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Savinmoney 10-17-2012 03:48 PM

Water pressure
 
I just bought a house in the North Georgia mountains. The house was built in 2000, so it's not that old. It was however, a foreclosure and in need of MUCH repair. Pretty much everything was stripped from the house. We are on public water which is fed from a tank just up the mountain from me. My problem is that I do not have much for water pressure. Is there a way to increase pressure to the house being on a public system?

joecaption 10-17-2012 04:26 PM

And how much pressure is not much pressure. Have you put a gauge on it to see?
Is the "pressure" low everywhere or just one faucet or shower?
What size lines where run as the main lines?

Fairview 10-17-2012 04:31 PM

Quote:

Originally Posted by Savinmoney (Post 1032771)
I just bought a house in the North Georgia mountains. The house was built in 2000, so it's not that old. It was however, a foreclosure and in need of MUCH repair. Pretty much everything was stripped from the house. We are on public water which is fed from a tank just up the mountain from me. My problem is that I do not have much for water pressure. Is there a way to increase pressure to the house being on a public system?

If you google water booster pump or increase water pressure etc. you'll find numerous kinds of pumps that claim they'll solve your problem. I've never needed one so I have no first hand experience with any of them.

But since you are Savinmoney :thumbup: you might consider checking on what pressure you should have at your location before investing in something that may or may not be needed. With plumbing anything is possible and it could be a simple solution.

Savinmoney 10-17-2012 04:44 PM

Joecaption..I have not put a gauge on it. Looks like main pipe from road is about 1-2 in. but would have to look at it again to be sure. Other lines are 1/4-1/2. Not at the house right now to double check these sizes. Pressure is weak in the whole house, especially if more than one faucet is on.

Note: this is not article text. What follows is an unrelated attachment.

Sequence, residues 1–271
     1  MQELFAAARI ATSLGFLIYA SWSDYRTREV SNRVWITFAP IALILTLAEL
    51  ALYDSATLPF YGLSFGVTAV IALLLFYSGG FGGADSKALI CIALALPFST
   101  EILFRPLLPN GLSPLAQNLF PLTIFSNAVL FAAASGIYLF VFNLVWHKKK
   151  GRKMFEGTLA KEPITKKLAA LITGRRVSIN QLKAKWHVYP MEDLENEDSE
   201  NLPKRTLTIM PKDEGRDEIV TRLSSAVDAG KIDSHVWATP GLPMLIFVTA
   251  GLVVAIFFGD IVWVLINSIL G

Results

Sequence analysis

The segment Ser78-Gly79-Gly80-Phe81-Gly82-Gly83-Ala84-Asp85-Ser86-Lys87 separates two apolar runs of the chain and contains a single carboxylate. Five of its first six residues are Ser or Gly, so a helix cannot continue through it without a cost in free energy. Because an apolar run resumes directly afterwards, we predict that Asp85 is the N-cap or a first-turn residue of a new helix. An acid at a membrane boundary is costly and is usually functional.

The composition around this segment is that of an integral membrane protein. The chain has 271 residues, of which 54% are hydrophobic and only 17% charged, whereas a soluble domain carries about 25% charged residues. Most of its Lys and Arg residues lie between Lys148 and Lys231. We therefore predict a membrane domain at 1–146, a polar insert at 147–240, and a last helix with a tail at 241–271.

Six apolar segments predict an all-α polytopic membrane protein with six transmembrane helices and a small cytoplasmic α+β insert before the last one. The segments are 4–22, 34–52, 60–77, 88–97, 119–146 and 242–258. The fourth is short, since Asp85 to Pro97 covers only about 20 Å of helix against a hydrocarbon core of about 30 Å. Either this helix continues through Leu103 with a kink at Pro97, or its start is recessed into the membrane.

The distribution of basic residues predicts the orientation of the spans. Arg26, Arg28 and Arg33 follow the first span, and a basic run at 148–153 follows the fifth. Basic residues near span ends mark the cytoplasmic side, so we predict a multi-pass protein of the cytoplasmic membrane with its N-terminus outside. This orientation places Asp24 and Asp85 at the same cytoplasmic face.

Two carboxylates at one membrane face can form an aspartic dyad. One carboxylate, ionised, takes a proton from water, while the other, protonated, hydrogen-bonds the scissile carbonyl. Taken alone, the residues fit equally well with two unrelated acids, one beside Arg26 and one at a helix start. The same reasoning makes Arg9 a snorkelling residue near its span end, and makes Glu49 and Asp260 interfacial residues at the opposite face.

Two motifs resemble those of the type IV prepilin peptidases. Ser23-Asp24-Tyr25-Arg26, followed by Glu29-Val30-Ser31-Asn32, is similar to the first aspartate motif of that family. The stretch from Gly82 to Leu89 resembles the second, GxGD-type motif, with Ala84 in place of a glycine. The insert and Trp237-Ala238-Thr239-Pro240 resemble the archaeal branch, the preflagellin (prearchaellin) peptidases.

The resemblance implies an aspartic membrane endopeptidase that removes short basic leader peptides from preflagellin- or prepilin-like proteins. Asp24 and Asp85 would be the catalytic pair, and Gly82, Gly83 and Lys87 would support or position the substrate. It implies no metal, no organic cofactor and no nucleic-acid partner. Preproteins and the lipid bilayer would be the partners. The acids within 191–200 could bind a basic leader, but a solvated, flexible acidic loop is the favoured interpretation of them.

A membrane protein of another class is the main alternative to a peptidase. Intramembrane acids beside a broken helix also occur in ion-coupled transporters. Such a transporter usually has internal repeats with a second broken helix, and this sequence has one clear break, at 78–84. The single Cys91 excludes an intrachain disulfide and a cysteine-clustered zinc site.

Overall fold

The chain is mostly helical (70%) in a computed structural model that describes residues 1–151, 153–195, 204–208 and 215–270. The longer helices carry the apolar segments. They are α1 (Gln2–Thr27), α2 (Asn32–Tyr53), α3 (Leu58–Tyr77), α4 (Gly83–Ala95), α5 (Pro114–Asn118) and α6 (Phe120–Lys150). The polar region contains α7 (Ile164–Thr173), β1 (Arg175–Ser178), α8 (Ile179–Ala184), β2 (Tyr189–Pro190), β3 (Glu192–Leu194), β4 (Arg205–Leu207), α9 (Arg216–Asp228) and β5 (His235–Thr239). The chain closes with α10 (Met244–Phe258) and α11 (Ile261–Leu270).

joecaption 10-17-2012 04:53 PM

Main line should be a min. of 3/4, 1" is better, all main runs in the house needed to be at least 3/4" then 1/2 to the supplys.

What you think is low pressure is really low flow.

When all the faucets are shut off the pressure will be equal anyplace you check it, once the faucets opened up if the lines to small the pressure drops and flow is reduced.
Picture a garden hose with a gauge where it connect at the house and turn it on. The pressure drops, now stand on the hose, pressure goes up on the gauge but flow goes down.

Savinmoney 10-17-2012 05:00 PM

Joe..Thanks for the visual! makes since to me!

GBrackins 10-17-2012 05:26 PM

silly question? have you check all of the valves to make sure one of them is not partially closed? this would certainly reduce flow. if the place was foreclosed then at some time I'm sure the public utility shut off the water, maybe it did not get turned on fully.

Savinmoney 10-17-2012 05:36 PM

Gary, Not so silly of a question, but yes, all valves are wide open. Thanks

raylo32 10-17-2012 06:12 PM

Is there a pressure regulator in your system to reduce the supplied municipal pressure down to what you need in the house? If so, maybe alls you need is to adjust this. But as mentioned before you really need to put a gage on it and see what you have in the first place.


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